Trump bars 5 more Chinese companies from buying US parts

The move came just days ahead of key talks between President Donald Trump and Chinese leader Xi Jinping

The US Commerce Department has banned five more Chinese entities from buying US components just a week ahead of a high-stakes meeting between President Donald Trump and Chinese leader Xi Jinping at the G-20 summit this month, where lingering trade differences are to be discussed.

According to a filling, the list includes four companies and a research institute, namely AMD’s Chinese joint-venture Higon, Chengdu Haiguang Integrated Circuit, Chengdu Haiguang Microelectronics Technology, Sugon and Wuxi Jiangnan Institute of Computing Technology, with the department claiming that activities of these companies “pose a significant risk of being or becoming involved in activities contrary to the national security and foreign policy interests of the United States.”

The move follows similar blacklisting of Chinese telecommunications giant Huawei Technologies Co. last month, blocking it from buying US software and components. As a result, the Huawei action has raised fears that a trade war launched last year is turning into a broader economic conflict focused on cutting off China from US technology while also forcing US companies to shift their supply chains out of China, especially when it comes to super-computing.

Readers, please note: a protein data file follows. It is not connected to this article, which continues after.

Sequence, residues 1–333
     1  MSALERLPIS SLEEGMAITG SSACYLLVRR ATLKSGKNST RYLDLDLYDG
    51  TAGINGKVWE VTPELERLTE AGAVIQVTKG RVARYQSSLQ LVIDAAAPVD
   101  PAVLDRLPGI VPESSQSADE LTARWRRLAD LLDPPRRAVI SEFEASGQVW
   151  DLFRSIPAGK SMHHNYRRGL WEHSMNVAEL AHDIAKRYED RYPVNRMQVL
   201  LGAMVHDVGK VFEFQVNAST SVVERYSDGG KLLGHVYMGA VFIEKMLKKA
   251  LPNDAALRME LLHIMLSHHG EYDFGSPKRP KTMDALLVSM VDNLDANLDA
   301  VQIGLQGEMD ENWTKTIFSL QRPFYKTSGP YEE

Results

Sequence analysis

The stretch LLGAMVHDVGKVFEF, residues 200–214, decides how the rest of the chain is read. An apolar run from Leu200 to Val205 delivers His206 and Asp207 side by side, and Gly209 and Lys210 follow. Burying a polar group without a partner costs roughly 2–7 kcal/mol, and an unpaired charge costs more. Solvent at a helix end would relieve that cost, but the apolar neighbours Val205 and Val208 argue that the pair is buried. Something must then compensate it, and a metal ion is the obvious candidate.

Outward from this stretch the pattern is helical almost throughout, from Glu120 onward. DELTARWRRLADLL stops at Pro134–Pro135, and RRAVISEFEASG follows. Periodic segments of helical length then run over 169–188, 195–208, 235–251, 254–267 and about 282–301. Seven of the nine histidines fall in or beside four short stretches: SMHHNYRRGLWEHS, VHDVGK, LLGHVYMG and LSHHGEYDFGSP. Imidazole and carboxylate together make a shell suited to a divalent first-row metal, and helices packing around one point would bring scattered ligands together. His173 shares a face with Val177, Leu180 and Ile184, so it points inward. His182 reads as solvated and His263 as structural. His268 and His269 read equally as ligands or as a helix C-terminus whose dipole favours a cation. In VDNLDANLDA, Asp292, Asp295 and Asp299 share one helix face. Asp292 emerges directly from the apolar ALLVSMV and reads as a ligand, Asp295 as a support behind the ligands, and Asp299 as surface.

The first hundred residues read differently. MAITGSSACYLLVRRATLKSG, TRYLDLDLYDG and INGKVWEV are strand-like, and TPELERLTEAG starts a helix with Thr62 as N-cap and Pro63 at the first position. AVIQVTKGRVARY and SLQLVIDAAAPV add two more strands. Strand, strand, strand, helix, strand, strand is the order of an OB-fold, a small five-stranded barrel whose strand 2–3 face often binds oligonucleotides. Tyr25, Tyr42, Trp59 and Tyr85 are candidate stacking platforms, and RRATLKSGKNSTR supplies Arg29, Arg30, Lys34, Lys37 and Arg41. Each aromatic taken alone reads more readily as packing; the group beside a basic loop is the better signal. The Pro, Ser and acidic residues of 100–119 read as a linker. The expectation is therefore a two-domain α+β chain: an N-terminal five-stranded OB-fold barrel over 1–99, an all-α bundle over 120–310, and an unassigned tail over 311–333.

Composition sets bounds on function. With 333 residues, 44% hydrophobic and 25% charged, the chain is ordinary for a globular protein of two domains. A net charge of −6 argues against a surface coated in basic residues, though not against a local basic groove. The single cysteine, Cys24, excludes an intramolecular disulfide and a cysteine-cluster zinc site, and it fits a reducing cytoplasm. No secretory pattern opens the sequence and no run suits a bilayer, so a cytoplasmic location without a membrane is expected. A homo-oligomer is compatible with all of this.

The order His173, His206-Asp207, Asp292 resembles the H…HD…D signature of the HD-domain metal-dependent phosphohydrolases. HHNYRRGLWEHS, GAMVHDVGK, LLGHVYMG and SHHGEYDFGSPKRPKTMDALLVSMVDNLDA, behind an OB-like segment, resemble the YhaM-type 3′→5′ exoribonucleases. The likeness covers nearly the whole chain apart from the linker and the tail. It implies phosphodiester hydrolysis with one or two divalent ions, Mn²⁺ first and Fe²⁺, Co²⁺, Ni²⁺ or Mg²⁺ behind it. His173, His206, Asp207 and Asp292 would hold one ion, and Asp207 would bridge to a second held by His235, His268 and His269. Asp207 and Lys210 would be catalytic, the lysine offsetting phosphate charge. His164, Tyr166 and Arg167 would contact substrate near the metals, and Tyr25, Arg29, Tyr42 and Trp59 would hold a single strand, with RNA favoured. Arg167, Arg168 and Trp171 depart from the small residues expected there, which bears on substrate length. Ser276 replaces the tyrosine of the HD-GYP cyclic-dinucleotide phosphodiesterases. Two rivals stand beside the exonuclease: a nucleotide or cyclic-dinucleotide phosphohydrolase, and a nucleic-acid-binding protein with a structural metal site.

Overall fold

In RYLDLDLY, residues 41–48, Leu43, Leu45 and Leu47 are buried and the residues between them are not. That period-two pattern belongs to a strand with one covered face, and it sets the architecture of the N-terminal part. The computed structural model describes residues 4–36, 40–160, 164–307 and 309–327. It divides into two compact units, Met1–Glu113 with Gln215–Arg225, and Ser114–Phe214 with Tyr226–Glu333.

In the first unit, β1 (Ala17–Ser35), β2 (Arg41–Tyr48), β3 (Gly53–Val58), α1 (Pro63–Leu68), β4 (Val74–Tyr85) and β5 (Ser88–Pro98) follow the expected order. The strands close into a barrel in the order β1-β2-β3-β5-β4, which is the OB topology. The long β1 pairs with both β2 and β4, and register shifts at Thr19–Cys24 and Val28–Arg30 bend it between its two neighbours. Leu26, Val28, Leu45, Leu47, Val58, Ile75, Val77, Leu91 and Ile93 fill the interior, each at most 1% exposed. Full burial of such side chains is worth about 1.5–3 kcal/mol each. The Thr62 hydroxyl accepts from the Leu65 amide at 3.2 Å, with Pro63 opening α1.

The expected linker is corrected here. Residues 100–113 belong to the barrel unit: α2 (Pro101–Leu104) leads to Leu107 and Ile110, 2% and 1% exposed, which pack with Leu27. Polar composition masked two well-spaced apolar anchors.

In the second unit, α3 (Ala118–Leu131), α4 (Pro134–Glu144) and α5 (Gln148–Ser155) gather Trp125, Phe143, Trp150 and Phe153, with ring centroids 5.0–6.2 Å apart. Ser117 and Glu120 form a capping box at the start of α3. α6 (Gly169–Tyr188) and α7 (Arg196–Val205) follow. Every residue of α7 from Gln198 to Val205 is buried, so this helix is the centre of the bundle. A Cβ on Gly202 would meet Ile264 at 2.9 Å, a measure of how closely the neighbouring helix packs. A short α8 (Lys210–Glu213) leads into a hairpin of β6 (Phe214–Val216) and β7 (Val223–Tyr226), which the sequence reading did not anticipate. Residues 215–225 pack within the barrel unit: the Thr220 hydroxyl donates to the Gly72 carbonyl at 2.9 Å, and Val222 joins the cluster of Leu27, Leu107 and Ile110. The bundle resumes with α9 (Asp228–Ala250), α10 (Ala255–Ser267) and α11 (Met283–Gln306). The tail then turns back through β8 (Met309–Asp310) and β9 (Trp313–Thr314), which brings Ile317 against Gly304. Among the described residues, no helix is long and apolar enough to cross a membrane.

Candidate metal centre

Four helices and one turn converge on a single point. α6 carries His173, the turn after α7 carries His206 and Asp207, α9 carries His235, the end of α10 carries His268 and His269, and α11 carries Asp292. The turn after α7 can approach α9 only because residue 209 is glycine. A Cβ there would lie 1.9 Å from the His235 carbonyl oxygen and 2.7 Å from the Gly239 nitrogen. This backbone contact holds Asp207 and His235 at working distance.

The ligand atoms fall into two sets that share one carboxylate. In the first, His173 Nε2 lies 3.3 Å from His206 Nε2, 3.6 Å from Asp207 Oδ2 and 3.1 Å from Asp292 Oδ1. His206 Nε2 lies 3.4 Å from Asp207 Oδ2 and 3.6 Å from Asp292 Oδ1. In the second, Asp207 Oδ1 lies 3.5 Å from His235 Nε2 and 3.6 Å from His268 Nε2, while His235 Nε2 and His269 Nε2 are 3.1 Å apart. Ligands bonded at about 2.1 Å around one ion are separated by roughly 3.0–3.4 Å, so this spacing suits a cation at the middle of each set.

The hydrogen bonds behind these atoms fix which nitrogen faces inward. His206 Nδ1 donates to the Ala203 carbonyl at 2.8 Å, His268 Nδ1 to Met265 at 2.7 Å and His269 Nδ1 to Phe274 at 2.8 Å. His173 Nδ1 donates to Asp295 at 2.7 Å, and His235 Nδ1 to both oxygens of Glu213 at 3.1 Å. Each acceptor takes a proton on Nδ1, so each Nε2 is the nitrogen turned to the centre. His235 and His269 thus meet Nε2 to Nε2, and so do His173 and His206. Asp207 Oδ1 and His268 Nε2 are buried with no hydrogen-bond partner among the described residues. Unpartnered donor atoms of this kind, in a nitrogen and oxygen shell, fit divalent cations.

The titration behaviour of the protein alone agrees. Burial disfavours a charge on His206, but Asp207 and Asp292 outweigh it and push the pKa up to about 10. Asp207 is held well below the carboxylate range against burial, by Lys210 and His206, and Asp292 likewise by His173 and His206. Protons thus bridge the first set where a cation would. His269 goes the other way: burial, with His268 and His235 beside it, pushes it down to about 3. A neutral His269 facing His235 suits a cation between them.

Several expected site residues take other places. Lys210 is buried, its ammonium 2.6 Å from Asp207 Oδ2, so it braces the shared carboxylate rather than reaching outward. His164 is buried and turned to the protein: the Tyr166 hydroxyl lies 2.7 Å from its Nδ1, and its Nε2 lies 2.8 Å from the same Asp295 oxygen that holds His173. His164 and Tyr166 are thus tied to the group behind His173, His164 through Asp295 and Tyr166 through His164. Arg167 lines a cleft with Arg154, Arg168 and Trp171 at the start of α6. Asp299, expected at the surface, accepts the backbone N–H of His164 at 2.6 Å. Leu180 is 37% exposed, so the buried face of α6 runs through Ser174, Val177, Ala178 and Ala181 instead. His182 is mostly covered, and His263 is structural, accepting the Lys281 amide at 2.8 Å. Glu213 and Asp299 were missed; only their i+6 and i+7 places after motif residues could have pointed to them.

The current actions however also illustrate some of the competing tensions inside the administration on China. Earlier this week the US president announced he and Xi would meet on the sidelines of the June 28-29 Group of 20 summit in Japan in an effort to restart trade talks that broke down last month. In an apparent 'peace gesture' the White House on Friday confirmed it has postponed a speech critical of China’s human rights record by Vice President Mike Pence that had been scheduled for Monday as a result of progress in the discussions with Beijing, with Trump and Pence deciding to deliver the speech after Trump and Xi's talks in Japan.

Commerce Department's ban and announcement that the aforementioned 5 entities listed raise national security concerns because their supercomputers were being developed for military uses or in cooperation with the Chinese military, tell a different story. This shows that while some are eager to see Trump reach a deal with Xi that would remove a drag on the US economy going into the 2020 election cycle others in the administration are more intent on proceeding with a multifaceted crackdown on China.

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